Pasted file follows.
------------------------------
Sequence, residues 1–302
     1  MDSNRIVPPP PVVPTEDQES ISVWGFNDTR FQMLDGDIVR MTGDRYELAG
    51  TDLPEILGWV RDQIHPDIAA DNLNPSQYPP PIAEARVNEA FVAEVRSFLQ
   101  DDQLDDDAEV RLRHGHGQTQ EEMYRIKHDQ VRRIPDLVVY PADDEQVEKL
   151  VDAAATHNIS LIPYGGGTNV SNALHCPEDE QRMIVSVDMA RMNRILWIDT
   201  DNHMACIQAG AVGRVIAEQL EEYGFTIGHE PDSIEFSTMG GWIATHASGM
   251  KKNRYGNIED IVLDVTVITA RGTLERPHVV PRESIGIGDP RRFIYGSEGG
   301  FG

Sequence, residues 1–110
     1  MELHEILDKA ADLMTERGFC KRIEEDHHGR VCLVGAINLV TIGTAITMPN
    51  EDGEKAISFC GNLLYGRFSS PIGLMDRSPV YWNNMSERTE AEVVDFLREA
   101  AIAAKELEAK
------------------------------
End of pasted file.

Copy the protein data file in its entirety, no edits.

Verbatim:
Sequence, residues 1–302
     1  MDSNRIVPPP PVVPTEDQES ISVWGFNDTR FQMLDGDIVR MTGDRYELAG
    51  TDLPEILGWV RDQIHPDIAA DNLNPSQYPP PIAEARVNEA FVAEVRSFLQ
   101  DDQLDDDAEV RLRHGHGQTQ EEMYRIKHDQ VRRIPDLVVY PADDEQVEKL
   151  VDAAATHNIS LIPYGGGTNV SNALHCPEDE QRMIVSVDMA RMNRILWIDT
   201  DNHMACIQAG AVGRVIAEQL EEYGFTIGHE PDSIEFSTMG GWIATHASGM
   251  KKNRYGNIED IVLDVTVITA RGTLERPHVV PRESIGIGDP RRFIYGSEGG
   301  FG

Sequence, residues 1–110
     1  MELHEILDKA ADLMTERGFC KRIEEDHHGR VCLVGAINLV TIGTAITMPN
    51  EDGEKAISFC GNLLYGRFSS PIGLMDRSPV YWNNMSERTE AEVVDFLREA
   101  AIAAKELEAK